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Applying cirrus logic to Southern Hemisp

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  • Pawnfart
    The foregoing is a very rough sketch. I think where I am having the most fun ripping on skeptics and other chaos worshippers is discrediting the argument that
    Message 1 of 702 , May 4, 2001
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      The foregoing is a very rough sketch. I think
      where I am having the most fun ripping on skeptics and
      other chaos worshippers is discrediting the argument
      that water is the GHG that dominates and therefore
      human emissions of CO2 are harmless in comparision.
      Someone forgot to consider that Gaia modulates water and
      Gaia's creature, metanogens, breath CO2. So I agree,
      Warmers, that water is a powerful GHG:
      <br><br><a href=http://www.clearlight.com/~mhieb/WVFossils/greenhouse_contrib.html target=new>http://www.clearlight.com/~mhieb/WVFossils/greenhouse_contrib.html</a> <br><br>And soon you will turn to my theory as it
      explains the warming--despite the dams. <br><br>Let's
      start with the notion that ocean and air behave in
      "coupled" manner. This points to a something that holds
      them together. Put that in the catagory of
      circumstantial evidence of cirrus cloud as a forcing.
      <br><br><a href=http://ams.confex.com/ams/Polar-AirSe/11AirSea/abstracts/20588.htm target=new>http://ams.confex.com/ams/Polar-AirSe/11AirSea/abstracts/20588.htm</a> <br><br>TROPOSPHERE RESPONSE TO SST ANOMALIES IN
      THE ANTARCTIC CIRCUMPOLAR WAVE IN THE SOUTHERN OCEAN
      Warren B. White SIO/Univ. of California, La Jolla, CA
      92093-0230. and Shyh-Chin Chen. <br><br>The following links
      are background to my sketch. This link works if you
      add a g, i and f to it:
      <br><br><a href=http://www.oceansonline.com/images/currents. target=new>http://www.oceansonline.com/images/currents.</a> <br><br>This shows were MH fields are located:
      <br><br><a href=http://woodshole.er.usgs.gov/project-pages/hydrates/where.html target=new>http://woodshole.er.usgs.gov/project-pages/hydrates/where.html</a> <br><br>But also consider they suspend oceanwide:
      <br><br><a href=http://www.ssiatty.com/climate/sand.html target=new>http://www.ssiatty.com/climate/sand.html</a> <br><br>Finally, here is a quick link on
      Fleming's left hand rule:
      <br><br><a href=http://www.le.ac.uk/se/centres/sci/selfstudy/mam12.htm target=new>http://www.le.ac.uk/se/centres/sci/selfstudy/mam12.htm</a> <br><br>Southern ocean current causes downward
      movement of electrical current, where as sun charging
      ionosphere moves w/ spin of earth in other
      direction--essentially causing upward electrical current, positive to
      negitive, out into space. With more flaring comes a
      stronger upward electrical current.
    • b1blancer_29501
      On Feb 28th, the Interplanetary Magnetic Field swung to a strong south-pointing orientation. That, coupled with an elevated solar wind speed and density,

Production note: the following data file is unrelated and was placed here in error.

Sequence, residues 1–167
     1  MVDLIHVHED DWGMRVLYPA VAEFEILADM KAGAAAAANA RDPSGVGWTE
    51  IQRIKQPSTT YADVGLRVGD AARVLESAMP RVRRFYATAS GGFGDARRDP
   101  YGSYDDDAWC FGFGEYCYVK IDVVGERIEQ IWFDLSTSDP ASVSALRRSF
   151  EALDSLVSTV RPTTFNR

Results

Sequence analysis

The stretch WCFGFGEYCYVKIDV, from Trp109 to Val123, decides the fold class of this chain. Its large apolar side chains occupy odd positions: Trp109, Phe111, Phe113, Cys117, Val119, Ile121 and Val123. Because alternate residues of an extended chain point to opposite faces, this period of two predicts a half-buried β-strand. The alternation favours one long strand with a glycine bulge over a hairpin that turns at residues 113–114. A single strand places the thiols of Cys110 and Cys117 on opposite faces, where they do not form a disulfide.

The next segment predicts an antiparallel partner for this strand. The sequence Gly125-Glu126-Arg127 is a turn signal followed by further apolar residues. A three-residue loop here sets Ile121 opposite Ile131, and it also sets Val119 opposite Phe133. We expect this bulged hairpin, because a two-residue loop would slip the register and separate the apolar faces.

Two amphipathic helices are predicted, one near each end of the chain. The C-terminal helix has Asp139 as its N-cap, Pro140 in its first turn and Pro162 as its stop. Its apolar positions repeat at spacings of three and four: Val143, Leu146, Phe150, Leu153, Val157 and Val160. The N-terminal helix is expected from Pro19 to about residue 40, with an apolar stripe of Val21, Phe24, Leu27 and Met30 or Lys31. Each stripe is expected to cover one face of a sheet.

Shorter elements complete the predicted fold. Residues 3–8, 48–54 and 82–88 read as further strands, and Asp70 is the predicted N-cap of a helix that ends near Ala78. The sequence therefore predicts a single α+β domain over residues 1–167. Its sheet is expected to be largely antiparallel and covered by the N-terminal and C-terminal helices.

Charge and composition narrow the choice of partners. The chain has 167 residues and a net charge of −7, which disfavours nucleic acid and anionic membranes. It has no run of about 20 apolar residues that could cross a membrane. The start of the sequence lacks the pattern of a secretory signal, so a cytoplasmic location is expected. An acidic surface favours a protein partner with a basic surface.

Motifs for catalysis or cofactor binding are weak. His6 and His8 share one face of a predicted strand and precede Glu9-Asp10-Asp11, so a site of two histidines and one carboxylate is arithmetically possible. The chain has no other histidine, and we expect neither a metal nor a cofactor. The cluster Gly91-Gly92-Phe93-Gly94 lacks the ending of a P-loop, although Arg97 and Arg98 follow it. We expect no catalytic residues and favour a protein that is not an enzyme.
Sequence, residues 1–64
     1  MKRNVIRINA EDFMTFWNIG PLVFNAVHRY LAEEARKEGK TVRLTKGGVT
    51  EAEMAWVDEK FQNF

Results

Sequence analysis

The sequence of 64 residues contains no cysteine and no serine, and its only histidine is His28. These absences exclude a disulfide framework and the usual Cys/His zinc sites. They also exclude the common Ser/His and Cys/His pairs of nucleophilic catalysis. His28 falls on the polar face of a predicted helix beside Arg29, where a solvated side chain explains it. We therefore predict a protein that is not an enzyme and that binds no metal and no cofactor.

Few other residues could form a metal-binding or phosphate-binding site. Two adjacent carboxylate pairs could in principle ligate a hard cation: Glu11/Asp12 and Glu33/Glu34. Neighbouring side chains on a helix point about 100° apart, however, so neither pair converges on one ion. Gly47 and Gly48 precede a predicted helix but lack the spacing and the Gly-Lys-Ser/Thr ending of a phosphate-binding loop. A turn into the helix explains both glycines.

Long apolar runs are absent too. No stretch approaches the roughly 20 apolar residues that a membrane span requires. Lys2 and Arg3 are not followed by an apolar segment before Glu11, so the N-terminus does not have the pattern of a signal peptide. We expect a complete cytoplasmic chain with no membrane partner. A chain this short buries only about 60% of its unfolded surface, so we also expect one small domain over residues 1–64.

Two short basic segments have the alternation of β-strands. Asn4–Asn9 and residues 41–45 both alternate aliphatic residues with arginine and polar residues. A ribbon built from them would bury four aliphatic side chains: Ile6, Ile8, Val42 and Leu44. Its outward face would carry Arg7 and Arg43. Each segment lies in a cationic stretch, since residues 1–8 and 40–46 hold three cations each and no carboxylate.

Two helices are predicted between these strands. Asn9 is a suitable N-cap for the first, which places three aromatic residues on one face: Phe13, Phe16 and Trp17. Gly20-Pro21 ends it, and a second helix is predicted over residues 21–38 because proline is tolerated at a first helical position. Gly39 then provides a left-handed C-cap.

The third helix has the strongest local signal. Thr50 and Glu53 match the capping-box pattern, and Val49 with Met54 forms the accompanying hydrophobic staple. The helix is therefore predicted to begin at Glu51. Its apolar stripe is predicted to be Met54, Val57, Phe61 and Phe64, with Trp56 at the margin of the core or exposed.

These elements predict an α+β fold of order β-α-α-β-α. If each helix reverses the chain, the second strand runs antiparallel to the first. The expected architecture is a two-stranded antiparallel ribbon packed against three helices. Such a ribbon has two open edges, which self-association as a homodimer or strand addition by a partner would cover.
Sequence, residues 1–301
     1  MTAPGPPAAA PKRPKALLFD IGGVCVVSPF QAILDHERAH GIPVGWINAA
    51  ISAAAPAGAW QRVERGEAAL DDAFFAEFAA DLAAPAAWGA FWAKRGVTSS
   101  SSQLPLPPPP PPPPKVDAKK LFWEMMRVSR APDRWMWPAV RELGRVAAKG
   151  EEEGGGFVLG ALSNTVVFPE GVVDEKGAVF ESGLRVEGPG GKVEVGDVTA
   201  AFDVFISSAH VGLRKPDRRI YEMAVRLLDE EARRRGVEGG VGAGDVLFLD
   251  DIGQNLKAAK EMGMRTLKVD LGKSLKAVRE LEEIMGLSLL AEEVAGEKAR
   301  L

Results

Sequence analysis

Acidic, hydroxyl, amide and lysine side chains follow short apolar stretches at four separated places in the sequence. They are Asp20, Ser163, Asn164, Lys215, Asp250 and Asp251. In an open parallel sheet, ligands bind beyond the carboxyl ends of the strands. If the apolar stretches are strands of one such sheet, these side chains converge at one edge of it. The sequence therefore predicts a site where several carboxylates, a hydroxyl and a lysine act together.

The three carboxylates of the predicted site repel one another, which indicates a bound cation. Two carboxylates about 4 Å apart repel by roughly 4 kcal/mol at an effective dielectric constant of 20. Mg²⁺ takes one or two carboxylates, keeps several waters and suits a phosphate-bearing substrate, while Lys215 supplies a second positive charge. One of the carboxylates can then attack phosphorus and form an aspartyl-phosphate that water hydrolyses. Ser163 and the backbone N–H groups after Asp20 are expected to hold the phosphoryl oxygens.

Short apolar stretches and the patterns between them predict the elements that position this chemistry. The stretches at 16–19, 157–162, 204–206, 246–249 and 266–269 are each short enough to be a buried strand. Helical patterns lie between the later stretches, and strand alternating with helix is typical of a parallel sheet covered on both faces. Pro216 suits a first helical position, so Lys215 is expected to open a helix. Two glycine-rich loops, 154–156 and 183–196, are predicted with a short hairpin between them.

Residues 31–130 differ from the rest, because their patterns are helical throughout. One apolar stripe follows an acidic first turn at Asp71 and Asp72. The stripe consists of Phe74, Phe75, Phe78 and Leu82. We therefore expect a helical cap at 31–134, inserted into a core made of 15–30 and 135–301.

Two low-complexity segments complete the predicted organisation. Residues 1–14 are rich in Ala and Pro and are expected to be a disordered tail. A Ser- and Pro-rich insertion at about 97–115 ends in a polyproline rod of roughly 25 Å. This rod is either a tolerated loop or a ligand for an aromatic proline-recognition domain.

Message 702 of 702 , Mar 1, 2002
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        On Feb 28th, the Interplanetary Magnetic Field
        swung to a strong south-pointing orientation. That,
        coupled with an elevated solar wind speed and density,
        triggered a G-1 class geomagnetic storm. The result was
        some high latitude aurora. See this link for a
        photgraph of aurora observed over Quebec :
        <a href=http://www.spaceweather.com/aurora/images/01mar02/Moussette2.jpg target=new>http://www.spaceweather.com/aurora/images/01mar02/Moussette2.jpg</a> . As of right now, there are 3 sunspot regions,
        namely 9839, 9842, and 9845, that appear to be capable
        of producing M-class flares. Regions 9839 and 9842
        are close to rotating out of view over the western
        limb of the solar disk. Sunspot region 9845, however,
        is close to the sun's central meridian. A rather
        large coronal hole is also approaching the sun's
        central meridian, and coming into an Earth-pointing
        position. High speed colar wind gusts are likely around the
        first of next week.<br><br>The current solar and
        geomagnetic conditions are :<br><br>NOAA sunspot number :
        153<br>SFI : 188<br>A index : 10<br>K index : 1<br><br>Solar
        wind speed : 372.3 km/sec<br>Solar wind density : 4.4
        protons/cc<br>Solar wind pressure : 1.1 nPa<br><br>IMF : 8.4
        nT<br>IMF Orientation : 0.7 nT North<br><br>Conditions for
        the last 24 hours : <br>Solar activity was low. The
        geomagnetic field was quiet to unsettled. Stratwarm Alert
        exists Friday.<br><br>Forecast for the next 24 hours
        :<br>Solar activity will be low to moderate. The geomagnetic
        field will be quiet to unsettled.<br><br>Solar Activity
        Forecast :<br>Solar activity is expected to be low to
        moderate for the next three days. Region 9845 is a
        possible source for isolated M-class
        flares.<br><br>Geomagnetic activity forecast :<br>Geomagnetic field activity
        is expected to be mainly quiet to unsettled, until
        the onset of high speed stream effects from a
        recurrent coronal hole begin to develop by day three of the
        forecast period. Isolated active conditions are
        anticipated thereafter.<br><br>Recent significant solar flare
        activity :<br>None
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